The human polyomavirus BK (BKPyV): virological background and clinical implications

Authors

  • Christine Hanssen Rinaldo,

    Corresponding author
    1. Department of Clinical Medicine, University of Tromsø, Tromsø
    • Department of Microbiology and Infection Control, University Hospital of North Norway, Tromsø
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  • Garth D. Tylden,

    1. Department of Microbiology and Infection Control, University Hospital of North Norway, Tromsø
    2. Department of Medical Biology, University of Tromsø, Tromsø, Norway
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  • Biswa Nath Sharma

    1. Department of Microbiology and Infection Control, University Hospital of North Norway, Tromsø
    2. Department of Medical Biology, University of Tromsø, Tromsø, Norway
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Christine Hanssen Rinaldo, Department of Microbiology and Infection Control, University Hospital of North Norway, P.O. Box 56, N-9038 Tromsø, Norway. e-mail: christine.rinaldo@unn.no

Abstract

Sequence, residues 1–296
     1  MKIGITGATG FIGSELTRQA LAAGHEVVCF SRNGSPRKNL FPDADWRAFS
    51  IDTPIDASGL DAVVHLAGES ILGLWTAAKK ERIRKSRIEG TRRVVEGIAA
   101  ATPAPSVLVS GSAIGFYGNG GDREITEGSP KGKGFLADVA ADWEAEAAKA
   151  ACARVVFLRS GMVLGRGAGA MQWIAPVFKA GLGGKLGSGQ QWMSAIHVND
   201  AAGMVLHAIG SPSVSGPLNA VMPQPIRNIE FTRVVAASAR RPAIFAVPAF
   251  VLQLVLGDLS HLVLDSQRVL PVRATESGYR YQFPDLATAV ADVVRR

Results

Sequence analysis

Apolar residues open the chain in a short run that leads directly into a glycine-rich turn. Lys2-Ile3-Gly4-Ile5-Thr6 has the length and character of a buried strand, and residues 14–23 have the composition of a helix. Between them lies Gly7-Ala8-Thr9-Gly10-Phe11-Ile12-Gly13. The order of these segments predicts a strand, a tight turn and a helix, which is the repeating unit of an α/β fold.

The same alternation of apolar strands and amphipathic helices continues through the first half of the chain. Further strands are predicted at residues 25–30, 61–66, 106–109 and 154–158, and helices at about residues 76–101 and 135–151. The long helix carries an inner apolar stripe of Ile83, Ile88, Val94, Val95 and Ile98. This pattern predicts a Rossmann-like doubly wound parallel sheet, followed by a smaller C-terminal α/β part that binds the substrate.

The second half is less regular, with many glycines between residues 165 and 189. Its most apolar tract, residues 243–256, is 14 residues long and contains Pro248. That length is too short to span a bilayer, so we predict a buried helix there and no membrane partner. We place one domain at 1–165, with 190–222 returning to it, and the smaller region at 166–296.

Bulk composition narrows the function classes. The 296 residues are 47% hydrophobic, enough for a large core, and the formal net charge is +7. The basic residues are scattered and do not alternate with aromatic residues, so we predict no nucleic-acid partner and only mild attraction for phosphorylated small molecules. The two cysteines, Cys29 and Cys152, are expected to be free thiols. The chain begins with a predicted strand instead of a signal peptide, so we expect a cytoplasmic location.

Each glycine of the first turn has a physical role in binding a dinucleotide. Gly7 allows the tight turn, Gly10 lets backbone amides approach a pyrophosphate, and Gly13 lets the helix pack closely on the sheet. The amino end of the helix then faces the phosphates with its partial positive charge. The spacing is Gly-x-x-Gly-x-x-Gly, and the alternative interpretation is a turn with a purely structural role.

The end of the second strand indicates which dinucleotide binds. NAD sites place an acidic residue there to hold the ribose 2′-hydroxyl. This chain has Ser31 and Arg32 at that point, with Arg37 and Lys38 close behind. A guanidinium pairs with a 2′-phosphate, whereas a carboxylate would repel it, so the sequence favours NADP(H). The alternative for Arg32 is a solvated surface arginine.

Polyomavirus BK (BKPyV) infects most people subclinically during childhood and establishes a lifelong infection in the renourinary tract. In most immunocompetent individuals, the infection is completely asymptomatic, despite frequent episodes of viral reactivation with shedding into the urine. In immunocompromised patients, reactivation followed by high-level viral replication can lead to severe disease: 1–10% of kidney transplant patients develop polyomavirus-associated nephropathy (PyVAN) and 5–15% of allogenic hematopoietic stem cell transplant patients develop polyomavirus-associated haemorrhagic cystitis (PyVHC). Other conditions such as ureteric stenosis, encephalitis, meningoencephalitis, pneumonia and vasculopathy have also been associated with BKPyV infection in immunocompromised individuals. Although BKPyV has been associated with cancer development, especially in the bladder, definitive evidence of a role in human malignancy is lacking. Diagnosis of PyVAN and PyVHC is mainly achieved by quantitative PCR of urine and plasma, but also by cytology, immunohistology and electron microscopy. Despite more than 40 years of research on BKPyV, there is still no effective antiviral therapy. The current treatment strategy for PyVAN is to allow reconstitution of immune function by reducing or changing the immunosuppressive medication. For PyVHC, treatment is purely supportive. Here, we present a summary of the accrued knowledge regarding BKPyV.

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